155
Remark 5. 2. 1. Using the special structure of (f, h, X Xo, there
is an alternative and perhaps more straightforward way to show
that tf, h, X ) Is decouplable on X and that the control law u =
<(v, q, q) + p(v,, q) satisfying (5.2.19), (5.2.20) decouples
(f, h, X), on X Differentiate both sides of the first equation of
(5.2. 1) with respect to t. Then, in the resulting equation, replace q, v
by expressions obtained from (5.2.1), (5.2.2). Then, we can obtain
(5.2.33) M(q) q = Q1(v, q, q) u  Q2(v, q, q).
On the other hand, differentiating the second equation of (5.2.1)
three times with respect to t leads to
(5.2.34) y = a,(v, q, q) + DC(q)q.
From (5.2.33) and (5.2.34),
(5.2.35) y' = DC(q) [M(q)]' ( Q(v, q, q) u  a2(v, q, q)) + Ql(v, q, q).
From (5.2.35), it is clear that the control law u = c(v, q, q) +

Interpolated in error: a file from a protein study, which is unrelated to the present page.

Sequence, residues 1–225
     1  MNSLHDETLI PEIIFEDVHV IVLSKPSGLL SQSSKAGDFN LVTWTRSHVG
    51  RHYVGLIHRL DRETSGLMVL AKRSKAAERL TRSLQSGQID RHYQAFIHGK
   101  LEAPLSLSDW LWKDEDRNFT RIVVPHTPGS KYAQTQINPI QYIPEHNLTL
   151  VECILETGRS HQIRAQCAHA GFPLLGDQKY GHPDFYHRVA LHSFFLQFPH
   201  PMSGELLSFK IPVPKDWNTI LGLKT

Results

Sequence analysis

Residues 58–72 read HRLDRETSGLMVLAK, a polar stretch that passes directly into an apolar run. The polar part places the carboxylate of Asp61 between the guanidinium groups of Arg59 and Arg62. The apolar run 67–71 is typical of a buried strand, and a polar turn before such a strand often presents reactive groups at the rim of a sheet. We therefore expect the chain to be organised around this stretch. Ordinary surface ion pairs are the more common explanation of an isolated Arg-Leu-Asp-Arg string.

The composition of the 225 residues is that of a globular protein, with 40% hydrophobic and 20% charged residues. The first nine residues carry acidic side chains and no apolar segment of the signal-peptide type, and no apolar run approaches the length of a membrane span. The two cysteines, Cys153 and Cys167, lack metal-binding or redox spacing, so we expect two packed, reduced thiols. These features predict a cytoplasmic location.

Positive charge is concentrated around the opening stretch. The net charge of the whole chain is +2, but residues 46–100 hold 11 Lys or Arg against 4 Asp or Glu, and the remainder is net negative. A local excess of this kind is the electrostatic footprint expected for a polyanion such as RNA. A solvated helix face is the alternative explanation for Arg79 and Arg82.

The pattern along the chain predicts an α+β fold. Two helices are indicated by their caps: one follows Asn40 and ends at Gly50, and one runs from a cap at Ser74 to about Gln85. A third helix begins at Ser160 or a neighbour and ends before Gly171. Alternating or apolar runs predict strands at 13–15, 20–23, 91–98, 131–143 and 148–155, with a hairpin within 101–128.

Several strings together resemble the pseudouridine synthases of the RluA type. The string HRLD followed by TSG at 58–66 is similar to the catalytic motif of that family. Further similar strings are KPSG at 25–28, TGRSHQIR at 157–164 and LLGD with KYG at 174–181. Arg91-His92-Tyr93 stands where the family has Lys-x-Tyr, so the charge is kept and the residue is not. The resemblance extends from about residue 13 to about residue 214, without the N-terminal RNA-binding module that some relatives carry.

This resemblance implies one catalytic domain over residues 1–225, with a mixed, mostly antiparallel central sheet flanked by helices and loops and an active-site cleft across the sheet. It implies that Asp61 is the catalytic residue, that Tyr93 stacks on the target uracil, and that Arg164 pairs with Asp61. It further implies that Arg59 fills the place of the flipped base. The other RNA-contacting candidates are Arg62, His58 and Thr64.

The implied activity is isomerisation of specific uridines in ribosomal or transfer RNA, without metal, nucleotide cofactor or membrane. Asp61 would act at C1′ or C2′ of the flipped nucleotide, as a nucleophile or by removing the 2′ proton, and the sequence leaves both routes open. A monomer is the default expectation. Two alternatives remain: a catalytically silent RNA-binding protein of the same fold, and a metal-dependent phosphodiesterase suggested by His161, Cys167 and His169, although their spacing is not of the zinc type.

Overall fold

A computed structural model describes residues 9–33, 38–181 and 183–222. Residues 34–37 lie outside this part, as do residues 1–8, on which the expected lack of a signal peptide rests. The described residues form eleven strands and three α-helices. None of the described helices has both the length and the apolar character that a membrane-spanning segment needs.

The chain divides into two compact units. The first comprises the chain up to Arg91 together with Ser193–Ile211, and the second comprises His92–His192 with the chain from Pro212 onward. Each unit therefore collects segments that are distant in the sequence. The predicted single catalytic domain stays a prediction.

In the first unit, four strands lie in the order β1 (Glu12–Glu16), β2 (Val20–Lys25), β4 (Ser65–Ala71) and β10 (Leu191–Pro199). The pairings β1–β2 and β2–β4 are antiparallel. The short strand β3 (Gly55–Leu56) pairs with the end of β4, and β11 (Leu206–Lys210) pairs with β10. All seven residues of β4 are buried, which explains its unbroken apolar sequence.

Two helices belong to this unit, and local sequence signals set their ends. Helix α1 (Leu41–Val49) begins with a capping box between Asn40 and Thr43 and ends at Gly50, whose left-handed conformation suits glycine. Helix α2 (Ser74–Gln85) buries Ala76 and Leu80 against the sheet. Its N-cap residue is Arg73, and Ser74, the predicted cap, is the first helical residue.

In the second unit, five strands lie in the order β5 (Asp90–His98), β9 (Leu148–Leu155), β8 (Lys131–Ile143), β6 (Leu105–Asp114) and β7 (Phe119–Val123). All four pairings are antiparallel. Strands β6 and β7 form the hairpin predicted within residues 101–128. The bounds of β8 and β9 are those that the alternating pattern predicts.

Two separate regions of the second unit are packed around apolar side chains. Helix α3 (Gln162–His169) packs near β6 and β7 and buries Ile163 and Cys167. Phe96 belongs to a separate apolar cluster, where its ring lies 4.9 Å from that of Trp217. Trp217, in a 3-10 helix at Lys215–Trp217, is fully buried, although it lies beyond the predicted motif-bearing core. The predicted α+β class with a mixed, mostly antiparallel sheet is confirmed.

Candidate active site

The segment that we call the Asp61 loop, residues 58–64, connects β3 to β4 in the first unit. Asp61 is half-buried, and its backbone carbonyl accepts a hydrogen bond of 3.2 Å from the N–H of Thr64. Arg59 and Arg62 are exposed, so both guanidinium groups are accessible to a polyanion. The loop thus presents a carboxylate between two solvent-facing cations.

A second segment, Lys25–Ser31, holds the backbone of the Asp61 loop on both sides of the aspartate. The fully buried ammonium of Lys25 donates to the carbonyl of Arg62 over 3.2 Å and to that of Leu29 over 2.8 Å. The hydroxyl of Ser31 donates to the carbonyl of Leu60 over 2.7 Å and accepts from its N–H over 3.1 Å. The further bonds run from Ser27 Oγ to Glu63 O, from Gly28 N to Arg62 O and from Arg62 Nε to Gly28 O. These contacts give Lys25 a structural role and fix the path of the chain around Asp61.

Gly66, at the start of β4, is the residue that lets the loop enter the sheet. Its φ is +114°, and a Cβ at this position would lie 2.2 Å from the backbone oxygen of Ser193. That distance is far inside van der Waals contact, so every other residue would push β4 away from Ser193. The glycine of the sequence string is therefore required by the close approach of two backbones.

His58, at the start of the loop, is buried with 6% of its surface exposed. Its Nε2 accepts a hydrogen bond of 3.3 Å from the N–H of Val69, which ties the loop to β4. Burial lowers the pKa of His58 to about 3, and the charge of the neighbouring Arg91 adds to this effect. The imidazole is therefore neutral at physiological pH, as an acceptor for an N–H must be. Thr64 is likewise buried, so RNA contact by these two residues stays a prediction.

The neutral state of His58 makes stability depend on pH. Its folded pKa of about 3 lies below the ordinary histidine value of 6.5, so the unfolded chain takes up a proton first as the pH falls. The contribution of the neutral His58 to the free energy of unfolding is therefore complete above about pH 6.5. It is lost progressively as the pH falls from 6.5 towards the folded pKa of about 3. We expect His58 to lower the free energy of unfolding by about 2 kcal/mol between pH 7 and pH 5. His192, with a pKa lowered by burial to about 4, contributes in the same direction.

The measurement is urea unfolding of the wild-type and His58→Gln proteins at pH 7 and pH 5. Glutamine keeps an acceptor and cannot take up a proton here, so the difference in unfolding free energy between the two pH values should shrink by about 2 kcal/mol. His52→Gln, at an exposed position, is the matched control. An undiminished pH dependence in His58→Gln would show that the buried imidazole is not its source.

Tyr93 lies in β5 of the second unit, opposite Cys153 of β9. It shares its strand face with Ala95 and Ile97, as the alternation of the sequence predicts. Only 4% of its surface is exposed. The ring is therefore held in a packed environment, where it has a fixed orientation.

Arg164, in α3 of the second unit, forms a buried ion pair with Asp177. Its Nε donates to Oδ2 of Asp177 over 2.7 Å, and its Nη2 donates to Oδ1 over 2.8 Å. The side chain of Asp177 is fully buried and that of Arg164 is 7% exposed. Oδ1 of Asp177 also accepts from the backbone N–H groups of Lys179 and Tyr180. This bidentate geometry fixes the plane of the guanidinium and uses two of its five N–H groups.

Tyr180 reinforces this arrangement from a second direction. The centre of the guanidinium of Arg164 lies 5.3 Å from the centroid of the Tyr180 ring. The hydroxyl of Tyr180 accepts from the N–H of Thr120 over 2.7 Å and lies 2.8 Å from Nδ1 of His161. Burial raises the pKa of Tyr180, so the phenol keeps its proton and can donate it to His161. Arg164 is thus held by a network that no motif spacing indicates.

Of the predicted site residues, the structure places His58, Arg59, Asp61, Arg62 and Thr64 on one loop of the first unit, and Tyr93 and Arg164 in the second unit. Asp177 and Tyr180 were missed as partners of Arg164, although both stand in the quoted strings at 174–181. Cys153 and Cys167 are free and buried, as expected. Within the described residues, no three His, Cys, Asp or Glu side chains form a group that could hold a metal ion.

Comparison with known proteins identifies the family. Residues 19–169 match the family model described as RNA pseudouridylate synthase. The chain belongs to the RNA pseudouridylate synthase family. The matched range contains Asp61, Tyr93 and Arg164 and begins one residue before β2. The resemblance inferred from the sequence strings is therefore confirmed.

p(v, q, q) t satisfying (5.2.19), (5.2.20) with 1= 0 and r = Im gives
(5.2.36) y = u.
Thus, [ f, h, X) is decouplable. The characterization of the entire
class of decoupling control laws follows from Remark 3. 4. 4 or
Remark 3. 4. 7 ( see also the last paragraphs of Sections 3. 4, 3. 5). D
156
Remark 5. 2. 2. Nijmeijer ([Nij.4]) considered decoupling of
the system In (5.2.1), (5.2.2) with m = 2, go(v, q, q) = v, and C(q) =
q. In [Yua.1], the dynamics of a robotic manipulator with D.C.
drives were linearly perturbed around an equilibrium point. Then,
the decoupled control of the linearly perturbed system was considered.
Thus, the nonlinearity of the system was not fully taken into account. 0
Consider the following system, denoted by 2:
(5.2.37) M(q)q + N(l, q) = T, y = C(q),
(5.2.38) v = bo(v, q q) + 2 g( v, q q )z, + 2 bj( v, q, q )uj,
= g( v,, q ),
(5.2.39) Xz = A(X) z + B( v, q, q, X) + B( v, q, q, X)u,
~~~0 ~ j=I J
where: X, E, Q, q,v, M, N are defined as in (5.2.1), (5.2.2); gj: